Gurkhas slam 'unfair' defence cuts
Gurkhas claim they are being unfairly targeted for cuts after the Ministry of Defence announced around one in 10 posts in the brigade will be axed.
Up to 2,900 members of the Army, 1,000 members of the Royal Air Force and 300 members of the Royal Navy, including military top brass, will be made redundant in the latest round of Government cuts.
The MoD confirmed 400 Gurkhas with more than six years' service in the 3,500-strong brigade will lose their jobs.
Actress Joanna Lumley, a leading campaigner on Gurkhas' rights, warned that compulsory redundancies would be a "tragedy".
The Nepalese fighters appear to be losing out now as a result of improvements in their terms of service following the celebrated Gurkha Justice Campaign led by the Absolutely Fabulous star.
Under the changes, the Gurkhas can now serve a maximum of 22 years - rather than 15 years previously - bringing them in line with the rest of the Army.
The result has been to swell their numbers with soldiers who would otherwise have left staying on for an additional seven years and the brigade is now considered to be overmanned by military planners. It lost 140 troops in the first round of redundancies.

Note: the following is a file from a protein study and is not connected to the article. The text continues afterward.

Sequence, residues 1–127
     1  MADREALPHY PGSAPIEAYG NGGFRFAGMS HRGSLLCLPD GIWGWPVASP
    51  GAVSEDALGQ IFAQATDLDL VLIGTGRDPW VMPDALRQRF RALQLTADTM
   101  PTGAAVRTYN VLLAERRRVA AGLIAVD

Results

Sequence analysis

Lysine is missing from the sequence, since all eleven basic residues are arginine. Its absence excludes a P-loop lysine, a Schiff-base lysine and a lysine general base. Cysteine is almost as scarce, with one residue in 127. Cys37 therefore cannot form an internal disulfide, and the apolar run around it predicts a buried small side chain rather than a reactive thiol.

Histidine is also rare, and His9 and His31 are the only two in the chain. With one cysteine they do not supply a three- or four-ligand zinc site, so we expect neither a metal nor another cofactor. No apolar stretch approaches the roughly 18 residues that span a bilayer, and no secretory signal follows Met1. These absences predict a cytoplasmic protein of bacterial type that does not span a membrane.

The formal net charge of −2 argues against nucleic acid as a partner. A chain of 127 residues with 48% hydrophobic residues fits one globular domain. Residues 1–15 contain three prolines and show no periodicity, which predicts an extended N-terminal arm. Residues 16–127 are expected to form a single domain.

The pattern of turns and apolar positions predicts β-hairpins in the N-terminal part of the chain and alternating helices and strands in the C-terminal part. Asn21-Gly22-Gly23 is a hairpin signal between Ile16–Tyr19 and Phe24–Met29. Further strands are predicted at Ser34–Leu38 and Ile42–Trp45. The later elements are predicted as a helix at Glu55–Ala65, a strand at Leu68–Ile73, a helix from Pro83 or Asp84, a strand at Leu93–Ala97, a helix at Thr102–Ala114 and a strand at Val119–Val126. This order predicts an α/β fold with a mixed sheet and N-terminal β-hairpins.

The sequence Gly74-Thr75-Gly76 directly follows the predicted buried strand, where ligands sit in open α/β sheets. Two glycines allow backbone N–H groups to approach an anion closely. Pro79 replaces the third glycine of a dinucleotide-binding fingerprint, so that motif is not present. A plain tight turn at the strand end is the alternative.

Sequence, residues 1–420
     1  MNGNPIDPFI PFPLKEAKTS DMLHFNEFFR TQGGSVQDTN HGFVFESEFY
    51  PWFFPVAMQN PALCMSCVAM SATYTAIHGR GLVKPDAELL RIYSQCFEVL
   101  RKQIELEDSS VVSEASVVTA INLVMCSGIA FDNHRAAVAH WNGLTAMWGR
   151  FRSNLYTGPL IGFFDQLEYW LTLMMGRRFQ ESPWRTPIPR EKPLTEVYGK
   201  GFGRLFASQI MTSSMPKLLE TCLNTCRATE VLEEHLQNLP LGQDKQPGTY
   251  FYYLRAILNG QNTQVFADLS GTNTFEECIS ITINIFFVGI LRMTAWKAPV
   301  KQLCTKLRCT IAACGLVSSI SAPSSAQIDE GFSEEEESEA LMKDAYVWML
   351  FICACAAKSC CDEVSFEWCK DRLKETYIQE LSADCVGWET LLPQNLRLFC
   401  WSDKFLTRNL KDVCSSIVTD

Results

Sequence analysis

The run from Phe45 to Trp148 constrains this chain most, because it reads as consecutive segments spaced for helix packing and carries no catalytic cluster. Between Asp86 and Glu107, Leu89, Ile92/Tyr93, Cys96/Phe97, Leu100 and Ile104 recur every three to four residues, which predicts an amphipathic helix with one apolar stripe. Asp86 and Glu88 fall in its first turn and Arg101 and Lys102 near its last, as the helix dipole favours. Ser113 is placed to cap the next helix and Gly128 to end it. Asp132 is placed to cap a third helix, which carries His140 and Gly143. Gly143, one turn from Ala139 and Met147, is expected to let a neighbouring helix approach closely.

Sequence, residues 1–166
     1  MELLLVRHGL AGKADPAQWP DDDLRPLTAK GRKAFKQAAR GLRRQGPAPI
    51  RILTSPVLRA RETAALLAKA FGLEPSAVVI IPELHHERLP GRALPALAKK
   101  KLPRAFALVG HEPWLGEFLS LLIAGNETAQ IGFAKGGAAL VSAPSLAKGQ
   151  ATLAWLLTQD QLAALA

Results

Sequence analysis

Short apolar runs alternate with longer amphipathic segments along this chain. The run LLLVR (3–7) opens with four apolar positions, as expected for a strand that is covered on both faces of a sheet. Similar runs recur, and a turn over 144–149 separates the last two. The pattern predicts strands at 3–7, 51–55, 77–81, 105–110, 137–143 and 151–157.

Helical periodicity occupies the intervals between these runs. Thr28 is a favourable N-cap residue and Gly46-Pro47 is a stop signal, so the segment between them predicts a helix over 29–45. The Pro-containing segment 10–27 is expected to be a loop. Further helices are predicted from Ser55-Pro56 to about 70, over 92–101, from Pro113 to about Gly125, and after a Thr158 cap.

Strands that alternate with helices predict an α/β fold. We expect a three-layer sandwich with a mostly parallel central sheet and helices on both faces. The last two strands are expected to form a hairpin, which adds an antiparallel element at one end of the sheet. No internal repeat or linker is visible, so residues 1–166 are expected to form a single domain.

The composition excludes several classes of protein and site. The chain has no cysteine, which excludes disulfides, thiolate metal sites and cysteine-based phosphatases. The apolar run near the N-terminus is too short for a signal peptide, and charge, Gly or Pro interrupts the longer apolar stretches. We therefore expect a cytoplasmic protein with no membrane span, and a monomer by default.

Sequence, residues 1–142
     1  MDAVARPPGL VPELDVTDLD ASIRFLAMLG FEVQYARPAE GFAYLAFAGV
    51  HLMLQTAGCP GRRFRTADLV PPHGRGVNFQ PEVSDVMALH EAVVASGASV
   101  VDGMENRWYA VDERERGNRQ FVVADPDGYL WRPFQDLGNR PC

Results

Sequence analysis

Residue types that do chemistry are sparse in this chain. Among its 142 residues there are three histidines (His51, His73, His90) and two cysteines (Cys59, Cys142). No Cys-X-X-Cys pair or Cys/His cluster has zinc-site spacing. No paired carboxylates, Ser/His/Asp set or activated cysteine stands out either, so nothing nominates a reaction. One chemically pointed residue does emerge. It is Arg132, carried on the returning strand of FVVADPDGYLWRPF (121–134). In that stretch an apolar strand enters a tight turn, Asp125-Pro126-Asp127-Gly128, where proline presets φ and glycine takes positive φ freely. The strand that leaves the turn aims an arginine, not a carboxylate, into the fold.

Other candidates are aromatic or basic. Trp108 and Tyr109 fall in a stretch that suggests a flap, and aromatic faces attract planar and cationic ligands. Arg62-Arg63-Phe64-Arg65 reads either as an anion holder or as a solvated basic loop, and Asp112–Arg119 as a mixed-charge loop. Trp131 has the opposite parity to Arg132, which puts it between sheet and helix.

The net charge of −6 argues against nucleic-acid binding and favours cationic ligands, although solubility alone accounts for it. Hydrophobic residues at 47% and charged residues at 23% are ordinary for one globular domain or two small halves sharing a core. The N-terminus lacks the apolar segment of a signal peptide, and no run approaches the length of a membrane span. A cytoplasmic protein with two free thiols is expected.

Ms Lumley said: "I know that the Government is wrestling with enormous financial worries. However, I would urge it to bear in mind the fantastic service given by all members of the Armed Forces, including the Gurkhas."
Dhan Gurung, 43, who was a Gurkha soldier for 18 years and also chairs the Folkestone Gurkha Memorial Fund in Kent, said: "This is a very unfair decision by the Ministry of Defence.
"If you compare the cuts that have been made to the whole of the Army and Navy, the strength of the cost-cutting on the Gurkhas seems unfair. It's like a form of discrimination towards Gurkhas. The Gurkha people are very loyal, very brave and hard-working people."